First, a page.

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Using Copyrighted Materials
How to Use Copyrighted Materials
Due to U.S. copyright law, a great deal of creative content is automatically copyrighted upon creation. Y
ou should assume something is copyrighted until you have details about its copyright status.
Before using content, follow these steps
You do not always need to contact someone to get permission. Some licenses like grants permission to use work in advance. Creative Commons
Determining a Work's Copyright Status
Copyright laws have changed over the years, so it often takes some investigation to determine a work's copyright status. You'll need to know one or more of the following:
Copyright and License information
If and when the work was published
If the work was registered and renewed with the U.S. Copyright Office
The birth and/or death date of the author
Copyright Information and License Information
Sometimes copyright information will be readily available. This will tell you whether the content is copyrighted and whether permission is required.
Places to look for this information include:
Front Matter of a Book (the first few pages before the main text)
Captions for published images and pictures
Copyright or Permissions page on a website
Copyright Records Database
From the U.S. Copyright Office. Search for copyright registrations and renewals from 1978 to present.
Copyright Registration and Renewal Records
From the Online Books Page, University of Pennsylvania Libraries. Includes digitized copies of registration and renewal records from the U.S. Copyright Office, 1891-1978.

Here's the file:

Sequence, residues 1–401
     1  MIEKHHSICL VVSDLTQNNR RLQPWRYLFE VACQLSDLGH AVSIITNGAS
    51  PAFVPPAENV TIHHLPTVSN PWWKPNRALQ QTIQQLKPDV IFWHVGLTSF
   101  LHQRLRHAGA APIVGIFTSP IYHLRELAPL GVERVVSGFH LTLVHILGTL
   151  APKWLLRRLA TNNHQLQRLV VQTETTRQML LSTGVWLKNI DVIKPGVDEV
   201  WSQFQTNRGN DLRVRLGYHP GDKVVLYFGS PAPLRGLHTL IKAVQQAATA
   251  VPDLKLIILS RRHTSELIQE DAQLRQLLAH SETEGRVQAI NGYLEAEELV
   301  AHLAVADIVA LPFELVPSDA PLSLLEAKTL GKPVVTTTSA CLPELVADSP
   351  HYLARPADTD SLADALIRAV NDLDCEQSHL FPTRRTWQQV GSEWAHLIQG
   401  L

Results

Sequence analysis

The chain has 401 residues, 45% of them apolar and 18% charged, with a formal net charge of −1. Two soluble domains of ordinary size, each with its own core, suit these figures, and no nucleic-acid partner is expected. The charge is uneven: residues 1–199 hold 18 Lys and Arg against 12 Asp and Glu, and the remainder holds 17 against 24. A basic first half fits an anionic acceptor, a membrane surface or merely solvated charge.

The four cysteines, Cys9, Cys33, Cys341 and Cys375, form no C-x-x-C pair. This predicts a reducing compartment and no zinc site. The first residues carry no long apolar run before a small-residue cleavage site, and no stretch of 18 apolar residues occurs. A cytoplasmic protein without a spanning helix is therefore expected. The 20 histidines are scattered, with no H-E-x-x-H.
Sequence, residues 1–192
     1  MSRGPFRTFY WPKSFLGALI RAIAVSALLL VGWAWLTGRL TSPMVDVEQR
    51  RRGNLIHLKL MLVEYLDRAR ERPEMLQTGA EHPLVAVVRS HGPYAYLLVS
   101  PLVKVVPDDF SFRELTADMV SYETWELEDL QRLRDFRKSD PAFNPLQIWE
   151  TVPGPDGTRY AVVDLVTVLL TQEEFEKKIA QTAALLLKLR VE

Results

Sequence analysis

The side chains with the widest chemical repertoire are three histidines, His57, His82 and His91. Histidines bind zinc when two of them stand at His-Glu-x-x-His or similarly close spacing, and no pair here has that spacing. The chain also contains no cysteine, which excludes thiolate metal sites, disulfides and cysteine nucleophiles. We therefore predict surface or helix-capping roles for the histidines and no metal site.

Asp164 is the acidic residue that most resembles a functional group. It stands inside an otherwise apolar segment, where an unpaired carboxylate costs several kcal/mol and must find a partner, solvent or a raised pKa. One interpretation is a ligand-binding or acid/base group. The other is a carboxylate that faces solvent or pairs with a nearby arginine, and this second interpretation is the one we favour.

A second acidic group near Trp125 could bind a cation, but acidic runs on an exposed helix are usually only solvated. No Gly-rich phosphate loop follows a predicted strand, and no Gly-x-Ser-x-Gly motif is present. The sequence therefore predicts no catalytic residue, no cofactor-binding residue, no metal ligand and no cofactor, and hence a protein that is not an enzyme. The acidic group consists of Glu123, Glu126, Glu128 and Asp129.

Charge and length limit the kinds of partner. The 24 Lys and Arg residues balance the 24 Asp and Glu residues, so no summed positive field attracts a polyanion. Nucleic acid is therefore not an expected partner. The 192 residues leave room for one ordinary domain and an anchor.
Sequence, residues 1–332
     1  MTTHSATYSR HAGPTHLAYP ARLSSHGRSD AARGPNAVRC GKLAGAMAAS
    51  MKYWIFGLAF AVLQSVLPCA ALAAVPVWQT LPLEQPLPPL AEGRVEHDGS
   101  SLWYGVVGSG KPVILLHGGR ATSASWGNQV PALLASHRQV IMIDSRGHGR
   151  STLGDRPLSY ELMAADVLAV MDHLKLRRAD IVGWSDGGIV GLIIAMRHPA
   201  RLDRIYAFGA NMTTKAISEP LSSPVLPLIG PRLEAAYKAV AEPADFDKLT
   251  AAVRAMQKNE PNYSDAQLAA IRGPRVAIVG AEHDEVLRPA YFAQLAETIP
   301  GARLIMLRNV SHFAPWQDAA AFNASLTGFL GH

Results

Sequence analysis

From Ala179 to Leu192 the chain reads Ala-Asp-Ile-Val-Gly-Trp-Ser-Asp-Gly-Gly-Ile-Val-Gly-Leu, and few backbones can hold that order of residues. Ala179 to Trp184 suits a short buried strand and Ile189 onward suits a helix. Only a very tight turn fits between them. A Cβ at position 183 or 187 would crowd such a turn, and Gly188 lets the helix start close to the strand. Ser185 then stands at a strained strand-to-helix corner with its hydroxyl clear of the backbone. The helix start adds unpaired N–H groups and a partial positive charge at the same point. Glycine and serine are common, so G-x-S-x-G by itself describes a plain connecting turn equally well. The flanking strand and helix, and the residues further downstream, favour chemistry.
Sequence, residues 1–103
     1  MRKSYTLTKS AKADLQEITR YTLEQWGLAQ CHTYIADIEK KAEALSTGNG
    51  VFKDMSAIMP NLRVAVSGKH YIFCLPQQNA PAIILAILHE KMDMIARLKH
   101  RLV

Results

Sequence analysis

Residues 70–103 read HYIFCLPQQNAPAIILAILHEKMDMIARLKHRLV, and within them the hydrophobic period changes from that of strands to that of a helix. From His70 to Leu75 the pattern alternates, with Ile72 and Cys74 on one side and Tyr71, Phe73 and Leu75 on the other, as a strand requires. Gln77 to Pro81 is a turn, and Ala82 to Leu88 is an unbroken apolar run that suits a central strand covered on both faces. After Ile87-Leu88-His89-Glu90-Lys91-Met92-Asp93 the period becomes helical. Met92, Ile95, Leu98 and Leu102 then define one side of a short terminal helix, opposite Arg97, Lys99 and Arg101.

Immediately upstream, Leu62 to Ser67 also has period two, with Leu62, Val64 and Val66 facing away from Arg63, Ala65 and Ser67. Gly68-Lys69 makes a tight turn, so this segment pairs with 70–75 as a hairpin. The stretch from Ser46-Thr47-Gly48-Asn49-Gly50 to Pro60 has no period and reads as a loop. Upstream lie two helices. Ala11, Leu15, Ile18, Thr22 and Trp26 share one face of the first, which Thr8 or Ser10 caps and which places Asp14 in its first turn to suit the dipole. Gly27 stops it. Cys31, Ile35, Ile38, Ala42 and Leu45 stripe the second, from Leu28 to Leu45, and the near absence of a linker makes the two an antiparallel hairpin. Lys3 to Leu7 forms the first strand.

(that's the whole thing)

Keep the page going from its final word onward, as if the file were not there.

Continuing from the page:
Copyright Term Limits
If a work has not been published, the following copyright terms apply:
Life of the author, plus 70 years. If the author died before 1942, you do not need permission.
If the author and/or death date is unknown, 120 years from date of creation. If the unpublished work was created before 1892, you do not need permission.
The copyright status of a published work varies depending on when it was published and whether or not the work was registered, renewed, or published with a copyright notice.
without a copyright notice:
Published without a notice before 1978: You do not need permission.
Published without a notice between 1978 and March 1, 1989:
Not registered within 5 years of publication: You do not need permission.
Registered within 5 years of publication: Life of the author, plus 70 years; you will need permission to use the work.
Published without a notice after March 1, 1989: The work has copyright protection; you will need permission to use the work.
Published with a copyright notice:
Published with a notice before 1923: You do not need permission.
Published with a notice between 1923 and 1963:
Copyright was not renewed: You do not need permission.
Copyright was renewed: 95 years after the publication date; you will need permission to use the work.
Published with a notice from 1964 to present: The work has copyright protection; you will need permission to use the work.
Not sure if a work has been registered or renewed? Ask a Librarian.
Meet with a Librarian
Meet with a research librarian to discuss a copyright question.
This site is intended for informational purposes only. Library staff members cannot give legal advice. For legal advice, you should contact an intellectual property attorney.
Warning about Copyright Notices
A copyright notice can provide information about a work's copyright status, but the lack of a copyright notice does not mean a work is not copyrighted. Remember that a work does not have to be registered or even published to have copyright protection.
Questions? Need help?
Ask a Librarian
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